Restriction for Iranian women, what are the limitations?
For a very long time, Iranian women have faced legal, political, economic, and social obstacles. The first parliament of Iran, which drafted the constitution in 1906, guaranteed all citizens “equal rights before the law” but did not mention women. However, during the years of the monarchy (1967–1975), women won the ability to vote, divorce, have political participation, and inheritance.
Among Iran’s many strange regulations against women, the need to wear a headscarf stands out. Let’s take a look at the sexual restrictions that exist in Iran.
What restrictions do Iranian women face?
The Islamic Republic has instituted stringent new regulations limiting women’s freedom of expression, dress, child care, inheritance, and travel. This section will examine the many forms of sexual discrimination in Iran.
Civil law for Iranian women
The civil law system in Iran is often seen as very patriarchal, with several laws prioritizing males over women and almost no legislation specifically protecting them. In Iran, the law is based on Islamic principles.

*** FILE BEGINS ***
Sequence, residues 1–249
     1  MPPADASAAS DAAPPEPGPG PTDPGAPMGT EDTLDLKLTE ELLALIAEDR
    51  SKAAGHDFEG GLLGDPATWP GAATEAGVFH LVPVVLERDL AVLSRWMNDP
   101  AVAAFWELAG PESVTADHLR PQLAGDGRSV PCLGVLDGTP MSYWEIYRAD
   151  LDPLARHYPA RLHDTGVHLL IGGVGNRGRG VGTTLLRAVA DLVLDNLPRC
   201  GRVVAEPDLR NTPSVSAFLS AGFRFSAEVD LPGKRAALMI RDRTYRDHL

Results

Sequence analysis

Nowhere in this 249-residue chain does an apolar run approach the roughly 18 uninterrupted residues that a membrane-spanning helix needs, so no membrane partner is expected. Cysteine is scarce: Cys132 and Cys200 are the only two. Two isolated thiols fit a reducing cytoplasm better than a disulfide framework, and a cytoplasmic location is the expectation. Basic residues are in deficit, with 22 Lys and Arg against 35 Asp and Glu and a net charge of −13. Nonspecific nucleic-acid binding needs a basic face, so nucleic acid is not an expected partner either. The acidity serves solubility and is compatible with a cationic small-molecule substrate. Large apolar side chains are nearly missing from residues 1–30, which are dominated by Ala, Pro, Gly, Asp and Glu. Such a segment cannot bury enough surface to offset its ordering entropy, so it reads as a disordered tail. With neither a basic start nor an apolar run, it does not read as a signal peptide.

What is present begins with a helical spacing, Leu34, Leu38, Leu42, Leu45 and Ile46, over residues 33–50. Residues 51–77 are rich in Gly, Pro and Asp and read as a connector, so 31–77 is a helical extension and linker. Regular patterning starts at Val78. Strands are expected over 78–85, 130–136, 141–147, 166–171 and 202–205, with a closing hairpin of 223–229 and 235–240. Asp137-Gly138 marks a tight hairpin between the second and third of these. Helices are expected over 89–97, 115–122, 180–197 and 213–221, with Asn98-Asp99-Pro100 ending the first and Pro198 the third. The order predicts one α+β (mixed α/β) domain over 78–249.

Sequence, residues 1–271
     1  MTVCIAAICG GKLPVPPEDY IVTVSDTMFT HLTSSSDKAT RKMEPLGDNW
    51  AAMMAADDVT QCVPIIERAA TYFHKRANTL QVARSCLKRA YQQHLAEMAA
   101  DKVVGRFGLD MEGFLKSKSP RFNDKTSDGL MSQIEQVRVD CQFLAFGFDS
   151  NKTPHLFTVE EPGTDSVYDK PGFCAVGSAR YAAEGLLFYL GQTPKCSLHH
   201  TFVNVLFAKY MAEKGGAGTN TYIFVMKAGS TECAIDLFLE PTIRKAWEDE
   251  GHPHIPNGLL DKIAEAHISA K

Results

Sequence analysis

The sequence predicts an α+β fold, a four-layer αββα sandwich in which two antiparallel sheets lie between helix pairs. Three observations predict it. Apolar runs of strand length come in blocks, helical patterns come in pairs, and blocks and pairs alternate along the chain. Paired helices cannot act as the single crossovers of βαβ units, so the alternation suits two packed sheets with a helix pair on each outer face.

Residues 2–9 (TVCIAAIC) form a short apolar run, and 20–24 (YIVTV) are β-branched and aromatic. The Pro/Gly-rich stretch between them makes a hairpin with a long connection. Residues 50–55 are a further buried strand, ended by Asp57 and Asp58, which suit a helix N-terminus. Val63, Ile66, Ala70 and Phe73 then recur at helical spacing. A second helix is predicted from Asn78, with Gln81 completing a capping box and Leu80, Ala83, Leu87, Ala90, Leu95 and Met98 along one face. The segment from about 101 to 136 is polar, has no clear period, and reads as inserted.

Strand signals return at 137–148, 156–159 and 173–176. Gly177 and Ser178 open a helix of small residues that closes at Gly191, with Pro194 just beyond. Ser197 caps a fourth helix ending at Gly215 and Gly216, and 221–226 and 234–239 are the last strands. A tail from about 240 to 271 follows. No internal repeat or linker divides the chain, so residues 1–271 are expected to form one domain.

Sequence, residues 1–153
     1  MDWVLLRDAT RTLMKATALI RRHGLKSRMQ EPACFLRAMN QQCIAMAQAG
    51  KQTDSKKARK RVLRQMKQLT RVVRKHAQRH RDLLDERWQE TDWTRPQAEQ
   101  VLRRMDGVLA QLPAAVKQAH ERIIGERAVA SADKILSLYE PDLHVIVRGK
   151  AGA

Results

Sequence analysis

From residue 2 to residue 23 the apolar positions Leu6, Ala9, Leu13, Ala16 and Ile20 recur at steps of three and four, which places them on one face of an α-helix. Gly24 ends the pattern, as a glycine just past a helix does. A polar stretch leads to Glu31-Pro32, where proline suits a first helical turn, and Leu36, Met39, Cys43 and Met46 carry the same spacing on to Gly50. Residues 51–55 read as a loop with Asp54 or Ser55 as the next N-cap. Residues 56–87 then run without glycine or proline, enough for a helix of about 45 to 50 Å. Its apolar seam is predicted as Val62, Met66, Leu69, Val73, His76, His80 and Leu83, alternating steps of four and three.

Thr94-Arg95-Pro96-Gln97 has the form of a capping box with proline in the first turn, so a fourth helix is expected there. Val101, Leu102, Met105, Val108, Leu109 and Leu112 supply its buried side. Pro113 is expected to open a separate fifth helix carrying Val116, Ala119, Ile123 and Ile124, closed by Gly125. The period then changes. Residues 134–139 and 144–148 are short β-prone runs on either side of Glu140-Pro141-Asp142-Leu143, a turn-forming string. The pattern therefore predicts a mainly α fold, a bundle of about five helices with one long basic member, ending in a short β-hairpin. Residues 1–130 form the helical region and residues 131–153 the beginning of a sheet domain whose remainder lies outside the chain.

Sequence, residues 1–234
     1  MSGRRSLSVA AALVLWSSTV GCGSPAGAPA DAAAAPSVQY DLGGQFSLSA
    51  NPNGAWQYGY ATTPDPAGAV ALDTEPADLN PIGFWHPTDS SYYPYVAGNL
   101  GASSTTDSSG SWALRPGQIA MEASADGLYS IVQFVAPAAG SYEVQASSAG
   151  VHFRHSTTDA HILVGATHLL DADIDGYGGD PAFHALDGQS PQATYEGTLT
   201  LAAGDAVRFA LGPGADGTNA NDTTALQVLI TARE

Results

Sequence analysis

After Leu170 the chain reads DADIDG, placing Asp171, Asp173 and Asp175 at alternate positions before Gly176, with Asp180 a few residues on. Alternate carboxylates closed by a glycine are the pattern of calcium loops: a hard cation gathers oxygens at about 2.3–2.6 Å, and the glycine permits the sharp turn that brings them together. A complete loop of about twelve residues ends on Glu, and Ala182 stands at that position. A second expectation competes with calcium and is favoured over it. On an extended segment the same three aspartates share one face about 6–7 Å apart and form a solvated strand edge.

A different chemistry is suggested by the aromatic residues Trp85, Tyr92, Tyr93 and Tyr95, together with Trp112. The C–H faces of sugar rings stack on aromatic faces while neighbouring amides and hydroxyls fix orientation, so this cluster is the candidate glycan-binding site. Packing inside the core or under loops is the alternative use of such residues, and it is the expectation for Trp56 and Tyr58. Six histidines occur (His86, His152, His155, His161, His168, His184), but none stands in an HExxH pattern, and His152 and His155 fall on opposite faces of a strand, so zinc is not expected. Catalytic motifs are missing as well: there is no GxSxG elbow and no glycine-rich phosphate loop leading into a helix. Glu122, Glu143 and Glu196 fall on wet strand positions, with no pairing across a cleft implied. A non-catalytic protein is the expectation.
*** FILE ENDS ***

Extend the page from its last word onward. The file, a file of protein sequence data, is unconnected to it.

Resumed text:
Children in Iran are considered criminally responsible and may be prosecuted as adults after they reach puberty under the country’s civil code. To some extent, this is unfair since females typically enter puberty at age ten, whereas boys typically do so at age fourteen.
This implies that even ten-year-old girls may face criminal charges. Prison terms, flogging, and even the death penalty are all possible outcomes.
Marriage and divorce for Iranian women
Iran’s legally required age for a girl to get married has changed many times. The sentence was reduced to 9 years at one time. Currently, the minimum age for marriage in Iran is 13 for girls and 15 for boys. In Iran, a woman is only allowed one marriage, which requires the consent of the male head of the household. However, an Iranian guy can wed as many as four women.
With the advice of a Qazi or a court, an Iranian woman may divorce her husband if he is either mentally unwell, believes in wife-beating, continues drinking, or is in prison. In contrast, males in Iran do not have access to any kind of neutral third-party involvement. Instead, they may acquire a divorce by saying the words out loud.